Social Security and Stay-at-Home Moms

A divorced woman can collect spousal benefits, so long as the marriage lasted 10 years. In such a scenario, a divorced Jane who had 10-plus years vested in a marriage can still claim the 50 percent spousal benefit, but since she's no longer in the same household as John, unless she remarries, the Social Security income coming into her home is just $2,500 instead of the $7,500 she would have had access to had the marriage not dissolved.

Unfortunately, because of the decade rule, a woman who stayed home with her children for six years of her seven-year marriage receives no spousal benefits. An unmarried stay–at–home parent who has children with a partner has no protection. If she has her own work history, she may have access to a benefit of her own. But if she were a teenage or young mother and continues to have a minimal employment history, she's at risk of becoming a very poor old lady.

The cost of an unpaid stay–at–home career -- or a paid career that makes accommodations to parenting responsibilities -- varies for each woman.

You can calculate your future benefits (and losses) by visiting Benefits Calculator. For more information about your Social Security eligibility and benefits, visit the Social Security Administration website or Social Security Information for Women.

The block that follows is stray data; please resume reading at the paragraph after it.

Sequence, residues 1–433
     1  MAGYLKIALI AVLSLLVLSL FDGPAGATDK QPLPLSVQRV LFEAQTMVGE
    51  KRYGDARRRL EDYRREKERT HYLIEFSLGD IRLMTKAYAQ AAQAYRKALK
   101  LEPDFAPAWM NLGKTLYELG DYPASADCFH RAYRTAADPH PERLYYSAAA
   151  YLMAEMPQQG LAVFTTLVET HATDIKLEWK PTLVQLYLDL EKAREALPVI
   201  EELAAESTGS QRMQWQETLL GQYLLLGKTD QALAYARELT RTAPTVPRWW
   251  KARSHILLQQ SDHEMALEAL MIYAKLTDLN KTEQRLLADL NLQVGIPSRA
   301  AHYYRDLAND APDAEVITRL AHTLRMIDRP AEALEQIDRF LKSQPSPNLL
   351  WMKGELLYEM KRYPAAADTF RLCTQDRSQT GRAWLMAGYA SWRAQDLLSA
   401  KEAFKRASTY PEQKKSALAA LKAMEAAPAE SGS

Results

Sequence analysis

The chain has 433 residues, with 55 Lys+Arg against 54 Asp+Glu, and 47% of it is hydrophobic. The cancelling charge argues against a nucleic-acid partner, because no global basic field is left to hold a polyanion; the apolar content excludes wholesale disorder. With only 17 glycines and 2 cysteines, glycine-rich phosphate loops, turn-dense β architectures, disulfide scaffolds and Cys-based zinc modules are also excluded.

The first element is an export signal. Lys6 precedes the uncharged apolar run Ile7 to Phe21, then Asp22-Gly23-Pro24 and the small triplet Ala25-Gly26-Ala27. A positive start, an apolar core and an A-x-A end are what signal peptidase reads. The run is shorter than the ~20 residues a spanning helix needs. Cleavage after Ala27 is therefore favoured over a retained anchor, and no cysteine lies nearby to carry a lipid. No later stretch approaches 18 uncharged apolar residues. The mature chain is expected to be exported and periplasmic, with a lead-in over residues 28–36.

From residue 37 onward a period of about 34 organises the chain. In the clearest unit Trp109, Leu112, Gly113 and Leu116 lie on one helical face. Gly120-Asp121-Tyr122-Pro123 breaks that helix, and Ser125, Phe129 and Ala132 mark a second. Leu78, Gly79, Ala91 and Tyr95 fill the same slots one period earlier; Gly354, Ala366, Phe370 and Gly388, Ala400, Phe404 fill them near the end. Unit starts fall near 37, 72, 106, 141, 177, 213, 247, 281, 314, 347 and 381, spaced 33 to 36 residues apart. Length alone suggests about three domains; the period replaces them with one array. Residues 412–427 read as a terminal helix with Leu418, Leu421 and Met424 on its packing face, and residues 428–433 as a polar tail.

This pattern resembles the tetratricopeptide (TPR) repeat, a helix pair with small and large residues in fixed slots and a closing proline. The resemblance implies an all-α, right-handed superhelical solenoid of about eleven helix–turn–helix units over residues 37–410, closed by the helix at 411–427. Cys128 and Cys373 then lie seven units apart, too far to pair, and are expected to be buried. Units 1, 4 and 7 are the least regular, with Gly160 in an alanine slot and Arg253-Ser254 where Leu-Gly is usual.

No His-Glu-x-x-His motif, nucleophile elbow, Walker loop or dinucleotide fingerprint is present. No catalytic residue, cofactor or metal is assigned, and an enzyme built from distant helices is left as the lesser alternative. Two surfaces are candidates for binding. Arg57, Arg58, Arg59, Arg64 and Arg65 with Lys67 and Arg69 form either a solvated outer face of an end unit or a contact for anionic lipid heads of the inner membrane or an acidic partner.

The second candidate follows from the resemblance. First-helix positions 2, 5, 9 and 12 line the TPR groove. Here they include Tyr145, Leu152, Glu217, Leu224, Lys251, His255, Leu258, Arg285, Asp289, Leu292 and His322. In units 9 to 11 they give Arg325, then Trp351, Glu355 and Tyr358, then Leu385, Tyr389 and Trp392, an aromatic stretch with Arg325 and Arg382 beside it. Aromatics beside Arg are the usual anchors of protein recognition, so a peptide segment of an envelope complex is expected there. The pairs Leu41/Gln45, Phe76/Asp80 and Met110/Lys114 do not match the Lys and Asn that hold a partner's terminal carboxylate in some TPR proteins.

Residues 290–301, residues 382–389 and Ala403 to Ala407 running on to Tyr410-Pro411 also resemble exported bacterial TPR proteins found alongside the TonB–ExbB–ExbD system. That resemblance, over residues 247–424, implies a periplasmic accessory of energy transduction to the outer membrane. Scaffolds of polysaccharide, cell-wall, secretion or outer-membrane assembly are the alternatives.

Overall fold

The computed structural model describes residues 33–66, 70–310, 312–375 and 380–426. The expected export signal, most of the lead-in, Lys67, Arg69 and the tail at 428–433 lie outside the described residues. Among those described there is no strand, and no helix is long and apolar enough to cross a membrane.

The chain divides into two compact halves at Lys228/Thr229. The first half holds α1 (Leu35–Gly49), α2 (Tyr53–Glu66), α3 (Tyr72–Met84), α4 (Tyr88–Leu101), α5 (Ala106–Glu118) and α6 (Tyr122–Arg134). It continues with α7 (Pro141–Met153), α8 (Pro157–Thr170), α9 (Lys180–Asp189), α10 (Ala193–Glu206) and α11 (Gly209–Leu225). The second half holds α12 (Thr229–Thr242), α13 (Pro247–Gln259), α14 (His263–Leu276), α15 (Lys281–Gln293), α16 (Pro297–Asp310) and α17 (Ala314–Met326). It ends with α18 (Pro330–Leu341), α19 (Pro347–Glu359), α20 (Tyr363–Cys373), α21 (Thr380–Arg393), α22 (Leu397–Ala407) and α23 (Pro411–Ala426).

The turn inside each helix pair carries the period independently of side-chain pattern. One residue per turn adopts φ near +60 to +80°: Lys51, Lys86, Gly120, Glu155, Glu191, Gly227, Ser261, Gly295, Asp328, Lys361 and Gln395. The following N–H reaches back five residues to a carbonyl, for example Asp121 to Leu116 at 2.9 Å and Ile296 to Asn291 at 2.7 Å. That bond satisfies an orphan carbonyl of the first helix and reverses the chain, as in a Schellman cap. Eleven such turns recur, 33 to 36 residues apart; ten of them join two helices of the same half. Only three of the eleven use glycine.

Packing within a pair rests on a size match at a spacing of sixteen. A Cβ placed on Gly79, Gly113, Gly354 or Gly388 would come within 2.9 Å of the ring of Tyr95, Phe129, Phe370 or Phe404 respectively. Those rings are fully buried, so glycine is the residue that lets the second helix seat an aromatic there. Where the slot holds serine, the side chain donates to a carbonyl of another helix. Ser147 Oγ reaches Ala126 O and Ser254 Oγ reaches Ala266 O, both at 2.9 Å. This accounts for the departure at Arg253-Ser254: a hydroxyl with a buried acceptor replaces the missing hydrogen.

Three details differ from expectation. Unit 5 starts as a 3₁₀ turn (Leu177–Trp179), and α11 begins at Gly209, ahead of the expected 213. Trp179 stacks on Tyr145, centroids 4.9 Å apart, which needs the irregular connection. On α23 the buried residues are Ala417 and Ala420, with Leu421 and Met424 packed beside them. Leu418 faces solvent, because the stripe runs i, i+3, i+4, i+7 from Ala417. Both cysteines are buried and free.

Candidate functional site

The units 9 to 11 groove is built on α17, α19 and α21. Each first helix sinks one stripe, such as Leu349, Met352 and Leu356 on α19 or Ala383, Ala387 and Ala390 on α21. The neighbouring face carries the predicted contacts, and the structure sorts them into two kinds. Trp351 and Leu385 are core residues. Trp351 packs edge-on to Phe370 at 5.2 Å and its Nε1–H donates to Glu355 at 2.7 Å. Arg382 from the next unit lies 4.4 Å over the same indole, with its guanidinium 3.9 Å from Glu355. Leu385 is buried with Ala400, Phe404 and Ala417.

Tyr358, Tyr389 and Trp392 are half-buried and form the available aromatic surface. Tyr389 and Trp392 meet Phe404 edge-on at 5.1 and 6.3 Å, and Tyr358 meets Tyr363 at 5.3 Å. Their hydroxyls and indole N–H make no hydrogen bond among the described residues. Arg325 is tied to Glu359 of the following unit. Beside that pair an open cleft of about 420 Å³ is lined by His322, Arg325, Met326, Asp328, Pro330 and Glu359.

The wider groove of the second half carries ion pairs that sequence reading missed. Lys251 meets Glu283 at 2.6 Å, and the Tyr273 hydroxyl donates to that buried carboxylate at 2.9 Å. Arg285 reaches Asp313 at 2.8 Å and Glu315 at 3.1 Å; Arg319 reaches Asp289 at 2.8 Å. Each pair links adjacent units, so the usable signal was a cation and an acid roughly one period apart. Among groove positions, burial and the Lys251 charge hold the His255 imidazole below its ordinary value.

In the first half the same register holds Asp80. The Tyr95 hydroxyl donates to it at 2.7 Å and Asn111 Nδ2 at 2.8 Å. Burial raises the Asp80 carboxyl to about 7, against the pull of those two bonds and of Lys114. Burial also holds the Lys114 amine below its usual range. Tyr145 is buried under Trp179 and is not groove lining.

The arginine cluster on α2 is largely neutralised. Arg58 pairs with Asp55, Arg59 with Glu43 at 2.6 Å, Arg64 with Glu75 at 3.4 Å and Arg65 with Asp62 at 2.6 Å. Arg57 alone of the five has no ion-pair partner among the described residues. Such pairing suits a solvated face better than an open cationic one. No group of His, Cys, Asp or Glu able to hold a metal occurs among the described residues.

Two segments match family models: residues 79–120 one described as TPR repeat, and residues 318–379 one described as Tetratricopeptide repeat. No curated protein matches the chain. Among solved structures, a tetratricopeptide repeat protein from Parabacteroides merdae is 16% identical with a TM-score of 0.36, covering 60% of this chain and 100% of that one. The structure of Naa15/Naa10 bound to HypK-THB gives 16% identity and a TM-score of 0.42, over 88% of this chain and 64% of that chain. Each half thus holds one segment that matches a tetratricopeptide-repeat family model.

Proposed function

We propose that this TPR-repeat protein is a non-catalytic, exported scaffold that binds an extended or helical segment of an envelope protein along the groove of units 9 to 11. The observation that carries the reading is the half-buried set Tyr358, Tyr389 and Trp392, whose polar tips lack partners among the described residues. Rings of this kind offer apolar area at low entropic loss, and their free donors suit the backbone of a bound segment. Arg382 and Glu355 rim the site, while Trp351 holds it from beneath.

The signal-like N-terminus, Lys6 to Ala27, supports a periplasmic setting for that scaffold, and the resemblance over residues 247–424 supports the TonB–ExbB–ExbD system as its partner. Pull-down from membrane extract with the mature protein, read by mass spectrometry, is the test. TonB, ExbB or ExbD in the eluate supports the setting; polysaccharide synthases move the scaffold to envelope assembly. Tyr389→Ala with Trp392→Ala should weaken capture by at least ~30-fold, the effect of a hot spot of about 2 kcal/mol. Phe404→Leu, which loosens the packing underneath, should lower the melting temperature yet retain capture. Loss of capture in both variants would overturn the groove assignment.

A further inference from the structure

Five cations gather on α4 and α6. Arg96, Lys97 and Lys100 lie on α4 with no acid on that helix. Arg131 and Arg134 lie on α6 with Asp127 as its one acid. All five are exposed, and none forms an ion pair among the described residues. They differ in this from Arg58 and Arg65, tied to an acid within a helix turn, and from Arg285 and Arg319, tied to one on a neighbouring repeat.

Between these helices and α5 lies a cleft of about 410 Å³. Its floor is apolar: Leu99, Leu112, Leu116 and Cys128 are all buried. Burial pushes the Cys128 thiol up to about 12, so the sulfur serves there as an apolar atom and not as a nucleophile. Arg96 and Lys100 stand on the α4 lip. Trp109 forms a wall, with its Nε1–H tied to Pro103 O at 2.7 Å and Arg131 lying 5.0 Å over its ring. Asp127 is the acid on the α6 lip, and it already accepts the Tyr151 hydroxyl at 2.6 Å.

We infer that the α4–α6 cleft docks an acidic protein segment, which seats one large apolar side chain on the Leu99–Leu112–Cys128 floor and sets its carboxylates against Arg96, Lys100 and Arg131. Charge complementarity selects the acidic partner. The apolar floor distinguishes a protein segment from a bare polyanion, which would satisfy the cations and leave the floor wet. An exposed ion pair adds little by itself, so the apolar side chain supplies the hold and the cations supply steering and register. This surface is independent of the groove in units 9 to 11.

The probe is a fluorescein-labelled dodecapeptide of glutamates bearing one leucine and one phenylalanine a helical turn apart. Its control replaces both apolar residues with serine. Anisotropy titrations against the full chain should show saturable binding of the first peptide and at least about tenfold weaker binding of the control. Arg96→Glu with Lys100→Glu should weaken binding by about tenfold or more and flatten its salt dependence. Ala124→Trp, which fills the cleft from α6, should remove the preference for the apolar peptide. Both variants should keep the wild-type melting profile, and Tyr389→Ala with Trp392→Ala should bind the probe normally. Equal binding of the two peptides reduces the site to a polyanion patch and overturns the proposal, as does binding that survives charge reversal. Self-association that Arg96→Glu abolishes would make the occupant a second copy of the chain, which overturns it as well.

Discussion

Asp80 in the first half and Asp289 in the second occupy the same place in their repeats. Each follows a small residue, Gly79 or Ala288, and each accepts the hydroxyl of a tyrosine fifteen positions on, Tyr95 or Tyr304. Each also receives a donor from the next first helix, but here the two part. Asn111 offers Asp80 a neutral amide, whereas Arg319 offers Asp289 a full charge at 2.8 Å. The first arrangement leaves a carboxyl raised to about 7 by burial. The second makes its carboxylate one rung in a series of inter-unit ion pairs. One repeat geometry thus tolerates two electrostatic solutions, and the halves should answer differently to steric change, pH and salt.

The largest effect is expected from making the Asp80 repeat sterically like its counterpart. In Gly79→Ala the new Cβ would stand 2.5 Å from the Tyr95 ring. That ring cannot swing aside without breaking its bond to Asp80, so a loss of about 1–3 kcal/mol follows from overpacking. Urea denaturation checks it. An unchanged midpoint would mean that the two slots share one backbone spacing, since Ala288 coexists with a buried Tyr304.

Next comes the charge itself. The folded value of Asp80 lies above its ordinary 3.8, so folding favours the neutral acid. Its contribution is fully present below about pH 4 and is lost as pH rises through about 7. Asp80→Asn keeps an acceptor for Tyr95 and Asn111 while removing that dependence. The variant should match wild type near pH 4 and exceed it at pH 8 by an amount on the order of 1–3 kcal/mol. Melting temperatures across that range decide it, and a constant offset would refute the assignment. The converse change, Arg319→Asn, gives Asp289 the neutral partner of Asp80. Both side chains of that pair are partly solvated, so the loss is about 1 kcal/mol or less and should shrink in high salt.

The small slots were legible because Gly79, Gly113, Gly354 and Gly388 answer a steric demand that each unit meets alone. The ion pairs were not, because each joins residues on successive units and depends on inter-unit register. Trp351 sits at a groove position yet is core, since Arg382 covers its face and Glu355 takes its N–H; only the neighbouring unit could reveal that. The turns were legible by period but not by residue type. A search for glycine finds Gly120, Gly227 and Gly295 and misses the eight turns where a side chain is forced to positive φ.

Melissa Stanton is the author of The Stay-at-Home Survival Guide: Field-tested strategies for staying smart, sane, and connected while caring for your kids (Seal Press/Perseus Books). Prior to becoming a stay-at-home mother of three (including twins), she was a senior editor at LIFE and People magazines. Visit with Melissa, and learn more about her book, at Real Life: Support for Moms . Become her Facebook friend via The Stay-at-Home Survival Guide fan page.

Copyright © Melissa Stanton. Permission to republish granted to Pregnancy.org, LLC.

Comments

You may have heard about the social security benefits do-over. If you haven't, it’s far too late. The master plan with the social security benefits payback option, or social security double-dip, was to let younger people get early social security benefits to pay back later. When older, one can get more social security for starting over. Even if you put the cash in an annuity from an insurance business, you wouldn’t be able to get as much cash as you would with a Social Security benefits do-over. But the practice is becoming so popular the Social Security benefits Administration wants to end it.